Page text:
England-based May Savidge was a woman with a mission. When developers and planners threatened to crush her historic cottage under a road-building project, she came up with a daunting plan.
Long before conservation became fashionable, she decided to move her home lock, stock and barrel from busy Ware High Street in Hertfordshire to a Norfolk backwater 100 miles away.
And move it she did, in a 23-year labor of love, during which she battled the authorities, deathwatch beetles, rats and her failing health, accompanied only by her faithful dog, Sasha.
This story is an amazing act of will and courage and sheer tenacity.
By the time of her death, her renovated house was far from completed. But her story will live on.
A city, like a house, can have ghosts. Certainly this was the case with Philadelphia.
The city of Philadelphia, Mississippi where members of the Ku Klux Klan killed three civil rights workers in 1964 in one of the era’s most infamous acts, on Tuesday elected its first black mayor.
Jim Prince/The Neshoba Democrat
His name is James A. Young, a Pentecostal minister and former county supervisor.
Young, a Pentecostal minister and former county supervisor, narrowly beat the incumbent, Rayburn Waddell, in the Democratic primary.
The results, announced Wednesday night, were a turning point for a mostly white city of 7,300 people in east-central Mississippi still haunted by the killings, which captured front-page headlines across the nation and were featured in the 1988 film “Mississippi Burning.”
“This shows a complete change of attitude and a desire to move forward,” said Mr. Young, 53, a Philadelphia native who integrated the local elementary school as the only black student in his sixth-grade class in the mid-1960s. “When I campaigned, the signs on the doors said, ‘Welcome,’ and I actually felt welcome.”
Source: New York Times
Forgiveness is more than just an action or a concept. We all know how powerful it feels when you let go of the anger or attachment of pain when we’ve been hurt by someone’s actions. A higher love takes us over. A deep sense of relief is felt.
But did you know that there are some very practical aspects to forgiveness as well?
According to the Mayo Clinic, here are some other perks to genuinely forgiving and letting go:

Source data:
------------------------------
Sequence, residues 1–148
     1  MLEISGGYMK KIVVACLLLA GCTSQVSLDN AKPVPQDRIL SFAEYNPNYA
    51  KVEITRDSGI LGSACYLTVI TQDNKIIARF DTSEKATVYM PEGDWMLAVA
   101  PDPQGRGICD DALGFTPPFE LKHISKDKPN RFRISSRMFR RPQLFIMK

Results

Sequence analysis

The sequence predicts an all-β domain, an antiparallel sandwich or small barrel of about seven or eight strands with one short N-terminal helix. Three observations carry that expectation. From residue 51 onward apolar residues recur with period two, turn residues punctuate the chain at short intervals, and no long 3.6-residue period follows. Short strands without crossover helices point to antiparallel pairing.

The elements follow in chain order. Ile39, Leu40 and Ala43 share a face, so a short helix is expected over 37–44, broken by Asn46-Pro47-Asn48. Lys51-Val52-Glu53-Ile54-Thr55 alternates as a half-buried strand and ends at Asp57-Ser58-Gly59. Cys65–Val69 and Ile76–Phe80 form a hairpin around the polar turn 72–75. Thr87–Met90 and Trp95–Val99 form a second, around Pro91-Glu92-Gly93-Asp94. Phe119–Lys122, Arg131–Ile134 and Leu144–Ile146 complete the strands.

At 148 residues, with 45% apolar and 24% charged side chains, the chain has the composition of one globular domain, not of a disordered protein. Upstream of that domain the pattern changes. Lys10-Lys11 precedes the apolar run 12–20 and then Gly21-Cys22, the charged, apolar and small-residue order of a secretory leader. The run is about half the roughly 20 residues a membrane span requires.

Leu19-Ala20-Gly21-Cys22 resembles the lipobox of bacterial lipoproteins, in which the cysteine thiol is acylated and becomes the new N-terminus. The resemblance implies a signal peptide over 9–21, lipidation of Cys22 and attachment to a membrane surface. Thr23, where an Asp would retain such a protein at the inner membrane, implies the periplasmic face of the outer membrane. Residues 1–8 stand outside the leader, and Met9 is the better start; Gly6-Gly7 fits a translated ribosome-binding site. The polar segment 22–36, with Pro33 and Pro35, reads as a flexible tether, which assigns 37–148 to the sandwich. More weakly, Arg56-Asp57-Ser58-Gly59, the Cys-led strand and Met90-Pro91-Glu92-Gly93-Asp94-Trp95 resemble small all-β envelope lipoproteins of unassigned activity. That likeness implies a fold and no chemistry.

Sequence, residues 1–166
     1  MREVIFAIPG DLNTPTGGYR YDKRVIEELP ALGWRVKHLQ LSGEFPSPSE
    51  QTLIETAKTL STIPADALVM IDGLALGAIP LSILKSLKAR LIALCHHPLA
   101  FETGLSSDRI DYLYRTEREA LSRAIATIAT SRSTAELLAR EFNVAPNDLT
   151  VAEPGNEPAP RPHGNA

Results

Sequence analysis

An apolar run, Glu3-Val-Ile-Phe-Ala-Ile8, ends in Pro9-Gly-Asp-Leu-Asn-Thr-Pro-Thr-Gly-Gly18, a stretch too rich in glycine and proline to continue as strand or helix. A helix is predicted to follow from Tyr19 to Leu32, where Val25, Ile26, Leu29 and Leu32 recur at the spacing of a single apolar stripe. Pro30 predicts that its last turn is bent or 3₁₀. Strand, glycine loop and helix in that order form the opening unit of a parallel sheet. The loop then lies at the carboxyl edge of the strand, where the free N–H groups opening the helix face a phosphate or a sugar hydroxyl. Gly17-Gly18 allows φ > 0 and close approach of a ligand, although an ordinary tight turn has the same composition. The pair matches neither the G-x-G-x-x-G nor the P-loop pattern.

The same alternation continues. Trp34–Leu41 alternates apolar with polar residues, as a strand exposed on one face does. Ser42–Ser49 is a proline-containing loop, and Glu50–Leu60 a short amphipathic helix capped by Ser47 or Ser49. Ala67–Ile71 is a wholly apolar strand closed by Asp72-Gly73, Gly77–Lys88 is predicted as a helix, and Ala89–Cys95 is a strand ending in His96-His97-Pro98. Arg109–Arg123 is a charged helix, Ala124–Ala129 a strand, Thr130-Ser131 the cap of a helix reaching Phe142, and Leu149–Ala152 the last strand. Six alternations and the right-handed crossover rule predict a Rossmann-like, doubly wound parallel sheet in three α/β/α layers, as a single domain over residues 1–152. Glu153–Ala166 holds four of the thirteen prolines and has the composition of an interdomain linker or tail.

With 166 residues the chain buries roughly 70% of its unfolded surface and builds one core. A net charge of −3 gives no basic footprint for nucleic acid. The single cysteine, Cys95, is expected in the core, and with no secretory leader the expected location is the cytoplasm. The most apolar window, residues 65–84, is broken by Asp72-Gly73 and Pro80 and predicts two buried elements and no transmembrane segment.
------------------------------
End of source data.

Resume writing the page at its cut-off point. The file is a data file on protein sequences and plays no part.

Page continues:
Researchers have recently become interested in studying the effects of being unforgiving and being forgiving. Evidence is mounting that holding on to grudges and bitterness results in long-term health problems. Forgiveness, on the other hand, offers numerous benefits, including:
- Lower blood pressure
- Stress reduction
- Less hostility
- Better anger management skills
- Lower heart rate
- Lower risk of alcohol or substance abuse
- Fewer depression symptoms
- Fewer anxiety symptoms
- Reduction in chronic pain
- More friendships
- Healthier relationships
- Greater religious or spiritual well-being
- Improved psychological well-being
Most of us know that iceberg lettuce doesn’t provide a tremendous amount of nutrients. Sure, there’s some fiber there but its a lot of water. Well, some researchers have figured out a way to give this old salad standby a blast of ultraviolet light-emitting diodes (LEDs) and make it healthier for our consumption.
Steven Britz of the U.S. Department of Agriculture in Beltsville, MD., and colleagues will present the research at the 2009 Conference on Lasers and Electro Optics/International Quantum Electronics Conference (CLEO/IQEC), which takes place May 31 to June 5 at the Baltimore Convention Center.
After 43 hours of exposure to UVB light, the studied lettuce plants were noticeably redder than other plants that only saw white light. Though the team has yet to quantify this effect, it appears to increase as the intensity of the light increases. This is a healthy way to make our beloved lettuce a little healthier.
Diets rich in antioxidants are thought to provide a variety of health benefits to human beings, from improving brain function to slowing the wear and tear of aging.
Source: Happy News
Talk about being in the right place at the right time!
A duck built a nest outside of Joel Armstrong’s office window in Spokane, Washington. After they hatched, she set off for water.
But the ducklings weren’t too sure about following her down, until Joel went to wait under the roof.
As soon as he was in position the ducklings started leaping and after showing off some pretty impressive catching skills, they were all safe.
The ducks had to search for water
That wasn’t the end of the tale though, as the ducks still needed a helping hand finding their way to the nearest river.
Thankfully Joel knew where that was too, and was able to guide the family safely to the water.
As our planet becomes increasingly crowded, let’s take a moment to look out for the animals, trying to find their place. Perhaps its time to set up a birdhouse in your yard, or feed a stray cat or possibly adopt a pet. If you can’t adopt, they are many centers that need volunteer help.
Source: BBC/CBBC Newsround
Many of us hear the term “fair trade” without really knowing what it means. And for those who do, we may only know it on a cursory level. One thing to always keep in mind: there’s always a story behind every product you use or food you consume or article of clothing you wear. The more you know, the better your choices can become.
You may be seeing the term “fair trade” when you purchase your coffee. If you’re confused about it’s meaning, here’s some help from Global Exchange:
Fair Trade means an equitable and fair partnership between consumers in North America and producers in Asia, Africa, Latin America, and the Caribbean. The chief concern of the Fair Trade movement has been to ensure that the vast majority of the world’s coffee farmers (who are small holders) get a fair price for their harvests in order to achieve a decent living wage. Fair Trade guarantees to poor farmers organized in cooperatives around the world: a living wage (minimum price of $1.26/pound regardless of the volatile market); much needed credit at fair prices; and long term relationships. These fair payments are invested in health care, education, environmental stewardship, and economic independence. Fair Trade Certified coffee is the first product being introduced in the United States with an independently monitored system to ensure that it was produced under fair labor conditions; now we need a movement to demand it!!